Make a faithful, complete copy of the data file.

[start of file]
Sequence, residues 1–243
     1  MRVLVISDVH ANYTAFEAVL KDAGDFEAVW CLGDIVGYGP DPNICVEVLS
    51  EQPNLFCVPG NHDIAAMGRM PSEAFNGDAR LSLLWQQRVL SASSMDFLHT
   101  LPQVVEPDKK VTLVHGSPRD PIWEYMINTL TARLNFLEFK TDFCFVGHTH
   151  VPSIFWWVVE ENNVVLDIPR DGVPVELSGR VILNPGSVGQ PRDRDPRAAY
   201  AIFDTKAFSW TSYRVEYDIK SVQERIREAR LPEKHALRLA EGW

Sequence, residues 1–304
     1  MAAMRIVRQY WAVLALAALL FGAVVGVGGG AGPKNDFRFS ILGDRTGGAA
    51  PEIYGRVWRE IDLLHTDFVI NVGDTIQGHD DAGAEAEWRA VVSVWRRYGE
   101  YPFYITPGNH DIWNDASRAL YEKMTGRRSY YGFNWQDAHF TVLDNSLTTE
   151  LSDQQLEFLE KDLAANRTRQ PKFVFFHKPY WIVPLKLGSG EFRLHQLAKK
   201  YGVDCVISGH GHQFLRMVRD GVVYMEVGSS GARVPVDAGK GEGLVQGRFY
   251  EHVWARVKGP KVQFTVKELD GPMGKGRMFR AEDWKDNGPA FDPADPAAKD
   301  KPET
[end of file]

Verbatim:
Sequence, residues 1–243
     1  MRVLVISDVH ANYTAFEAVL KDAGDFEAVW CLGDIVGYGP DPNICVEVLS
    51  EQPNLFCVPG NHDIAAMGRM PSEAFNGDAR LSLLWQQRVL SASSMDFLHT
   101  LPQVVEPDKK VTLVHGSPRD PIWEYMINTL TARLNFLEFK TDFCFVGHTH
   151  VPSIFWWVVE ENNVVLDIPR DGVPVELSGR VILNPGSVGQ PRDRDPRAAY
   201  AIFDTKAFSW TSYRVEYDIK SVQERIREAR LPEKHALRLA EGW

Sequence, residues 1–304
     1  MAAMRIVRQY WAVLALAALL FGAVVGVGGG AGPKNDFRFS ILGDRTGGAA
    51  PEIYGRVWRE IDLLHTDFVI NVGDTIQGHD DAGAEAEWRA VVSVWRRYGE
   101  YPFYITPGNH DIWNDASRAL YEKMTGRRSY YGFNWQDAHF TVLDNSLTTE
   151  LSDQQLEFLE KDLAANRTRQ PKFVFFHKPY WIVPLKLGSG EFRLHQLAKK
   201  YGVDCVISGH GHQFLRMVRD GVVYMEVGSS GARVPVDAGK GEGLVQGRFY
   251  EHVWARVKGP KVQFTVKELD GPMGKGRMFR AEDWKDNGPA FDPADPAAKD
   301  KPET